Psilocybin and MDMA have received the most press in recent years, but ketamine has held a steady role as one of the only legal psychedelics clinicians can currently offer. It’s common to hear people speak about ketamine as a dissociative. I asked Bennett her thoughts on this classification.
“When you take ketamine, you may be dissociated from your body; in other words, the signals from your sensory input organs may be temporarily muted,” she says. “However, when ketamine is utilized in a physically and psychologically safe setting, people tend to be keenly aware of or connected with their own thoughts and internal images.”
The dissociation felt with ketamine is more physiological than psychological. I asked Cuentas to expand upon this. She explained that, based on a somatic perspective, it seems like ketamine temporarily disconnects the body and the mind, whereas the coping mechanism of dissociation can often disconnect people from their own consciousness as well.
“Seems like Ketamine can turn the body off so the mind doesn’t have to negotiate how to to keep the body safe or what to do with the body’s intense signals of stress, which are common during or after traumatic experiences,” says Cuentas. “So for a period of time, it may not have to navigate the usual intensity and discomfort. If this happens, the mind is released from its usual concerns/stressors, and its attention can possibly concentrate on other sensations or realms of awareness.”
“As the body experiences numbness or dissociation, it is still tracking the experience, but not reacting. When a body is affected by an anesthetic like Ketamine for therapeutic uses, it will put the body in a highly suggestible state,” Cuentas adds. “From a somatic perspective, there is a window of time as a person is coming back to feeling their body again— that is the moment of doing a lot of processing. I believe this is possibly the most effective way to work with ketamine. Whatever happens in this window of reconnection between unconsciousness and consciousness or body awareness, will be recorded in the body. You would have to be intentional because whatever you introduce in that state can have a great impact on your psyche.”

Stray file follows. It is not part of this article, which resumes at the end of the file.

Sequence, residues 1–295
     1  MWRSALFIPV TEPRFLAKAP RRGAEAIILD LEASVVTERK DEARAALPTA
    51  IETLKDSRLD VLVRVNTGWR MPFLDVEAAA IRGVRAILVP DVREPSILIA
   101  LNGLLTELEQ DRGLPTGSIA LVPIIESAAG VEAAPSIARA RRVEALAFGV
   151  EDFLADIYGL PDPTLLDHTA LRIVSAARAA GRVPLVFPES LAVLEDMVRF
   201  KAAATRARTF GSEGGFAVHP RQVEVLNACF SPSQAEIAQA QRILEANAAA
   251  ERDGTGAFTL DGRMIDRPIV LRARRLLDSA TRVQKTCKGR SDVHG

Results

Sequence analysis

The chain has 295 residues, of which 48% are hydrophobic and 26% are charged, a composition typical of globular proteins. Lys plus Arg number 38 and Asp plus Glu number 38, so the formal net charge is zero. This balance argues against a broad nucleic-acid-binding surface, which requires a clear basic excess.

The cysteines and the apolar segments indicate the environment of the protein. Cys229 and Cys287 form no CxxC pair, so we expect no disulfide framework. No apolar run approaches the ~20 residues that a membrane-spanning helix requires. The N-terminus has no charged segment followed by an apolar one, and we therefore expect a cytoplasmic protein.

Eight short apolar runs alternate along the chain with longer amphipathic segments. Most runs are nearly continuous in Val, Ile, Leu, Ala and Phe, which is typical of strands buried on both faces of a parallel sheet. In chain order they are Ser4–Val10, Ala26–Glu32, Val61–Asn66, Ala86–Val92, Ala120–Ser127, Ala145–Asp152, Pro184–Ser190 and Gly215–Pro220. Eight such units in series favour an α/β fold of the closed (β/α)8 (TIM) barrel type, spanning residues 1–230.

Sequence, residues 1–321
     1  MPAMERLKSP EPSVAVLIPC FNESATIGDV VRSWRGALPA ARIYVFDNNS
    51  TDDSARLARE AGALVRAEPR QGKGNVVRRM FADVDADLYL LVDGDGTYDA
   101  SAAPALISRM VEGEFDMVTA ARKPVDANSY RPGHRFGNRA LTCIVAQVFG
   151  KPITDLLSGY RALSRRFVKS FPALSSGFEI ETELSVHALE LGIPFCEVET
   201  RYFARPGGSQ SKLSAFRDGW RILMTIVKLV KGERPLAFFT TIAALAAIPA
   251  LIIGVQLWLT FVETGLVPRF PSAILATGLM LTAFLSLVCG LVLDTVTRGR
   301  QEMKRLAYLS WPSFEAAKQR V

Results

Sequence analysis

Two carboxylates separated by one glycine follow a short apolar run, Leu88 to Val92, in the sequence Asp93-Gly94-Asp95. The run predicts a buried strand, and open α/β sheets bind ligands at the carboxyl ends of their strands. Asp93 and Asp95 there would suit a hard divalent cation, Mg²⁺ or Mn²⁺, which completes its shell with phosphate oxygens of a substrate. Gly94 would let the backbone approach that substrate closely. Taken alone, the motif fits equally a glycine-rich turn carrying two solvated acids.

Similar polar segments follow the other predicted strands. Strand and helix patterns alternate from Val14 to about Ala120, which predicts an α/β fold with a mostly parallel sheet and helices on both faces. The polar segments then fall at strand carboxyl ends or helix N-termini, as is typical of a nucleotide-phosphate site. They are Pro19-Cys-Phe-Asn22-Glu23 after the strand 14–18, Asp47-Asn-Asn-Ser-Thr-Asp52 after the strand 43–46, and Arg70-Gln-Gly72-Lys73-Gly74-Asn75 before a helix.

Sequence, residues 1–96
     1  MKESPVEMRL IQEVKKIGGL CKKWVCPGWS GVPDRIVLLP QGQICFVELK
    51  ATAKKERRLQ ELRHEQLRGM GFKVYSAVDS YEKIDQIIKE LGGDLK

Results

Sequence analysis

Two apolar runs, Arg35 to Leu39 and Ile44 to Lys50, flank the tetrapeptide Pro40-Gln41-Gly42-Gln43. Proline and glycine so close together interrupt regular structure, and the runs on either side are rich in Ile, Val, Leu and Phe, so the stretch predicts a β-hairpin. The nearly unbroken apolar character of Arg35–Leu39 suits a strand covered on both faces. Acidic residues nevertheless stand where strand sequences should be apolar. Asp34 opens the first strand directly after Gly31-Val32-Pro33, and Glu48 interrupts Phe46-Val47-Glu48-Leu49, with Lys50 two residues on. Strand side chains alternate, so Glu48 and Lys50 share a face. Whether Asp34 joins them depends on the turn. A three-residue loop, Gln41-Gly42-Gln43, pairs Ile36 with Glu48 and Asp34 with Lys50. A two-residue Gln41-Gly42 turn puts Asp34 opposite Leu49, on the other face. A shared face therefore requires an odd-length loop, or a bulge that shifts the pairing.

Returning To Safety From Dissociative Disorders
Dissociation is the human body’s way of trying to achieve safety. As we are unlearning automatic responses that don’t serve us, the need for a sense of safety is still present. How do we develop a sense of safety within ourselves when we can’t guarantee it in our external environment? Therapists refer to resourcing—tools that help people develop a higher tolerance for discomfort. In this way, we can stay in the present moment longer without needing to dissociate.
Especially for people from marginalized communities, creating microcosms of safety, even temporary ones, can be essential practice for dealing with life. These pods of comfort can come from affinity spaces, keeping a close inner circle, getting immersed in something you love, and for some people, exploring altered states.
In pursuit of safety, a natural response to triggering scenarios is to remove oneself from further harm. However, safety can’t necessarily be achieved in a societal context which is inherently unsafe for many people in our communities. Some people may feel they always have to be shut down or running to escape harm. For these folks, there is an even greater need for networks of support and practical tools that grow the ability to stay present. It can be empowering and freeing to stay present through a practice of pleasure, feeling the body’s sensations, and finding what feels positive and safe in the here and now.
When Dissociation Can Be a Positive